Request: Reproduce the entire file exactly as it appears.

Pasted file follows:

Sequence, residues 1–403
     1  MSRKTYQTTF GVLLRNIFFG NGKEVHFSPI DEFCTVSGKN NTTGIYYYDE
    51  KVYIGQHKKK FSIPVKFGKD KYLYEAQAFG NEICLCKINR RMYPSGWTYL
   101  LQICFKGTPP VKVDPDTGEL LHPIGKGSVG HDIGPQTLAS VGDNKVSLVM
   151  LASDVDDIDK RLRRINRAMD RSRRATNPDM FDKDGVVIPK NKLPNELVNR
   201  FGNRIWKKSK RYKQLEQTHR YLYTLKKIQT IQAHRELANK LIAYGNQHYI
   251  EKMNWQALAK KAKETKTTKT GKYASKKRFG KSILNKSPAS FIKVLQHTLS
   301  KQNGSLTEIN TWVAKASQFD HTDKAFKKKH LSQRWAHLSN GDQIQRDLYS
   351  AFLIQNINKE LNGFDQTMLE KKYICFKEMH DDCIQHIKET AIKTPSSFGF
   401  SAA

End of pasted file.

Sequence, residues 1–403
     1  MSRKTYQTTF GVLLRNIFFG NGKEVHFSPI DEFCTVSGKN NTTGIYYYDE
    51  KVYIGQHKKK FSIPVKFGKD KYLYEAQAFG NEICLCKINR RMYPSGWTYL
   101  LQICFKGTPP VKVDPDTGEL LHPIGKGSVG HDIGPQTLAS VGDNKVSLVM
   151  LASDVDDIDK RLRRINRAMD RSRRATNPDM FDKDGVVIPK NKLPNELVNR
   201  FGNRIWKKSK RYKQLEQTHR YLYTLKKIQT IQAHRELANK LIAYGNQHYI
   251  EKMNWQALAK KAKETKTTKT GKYASKKRFG KSILNKSPAS FIKVLQHTLS
   301  KQNGSLTEIN TWVAKASQFD HTDKAFKKKH LSQRWAHLSN GDQIQRDLYS
   351  AFLIQNINKE LNGFDQTMLE KKYICFKEMH DDCIQHIKET AIKTPSSFGF
   401  SAA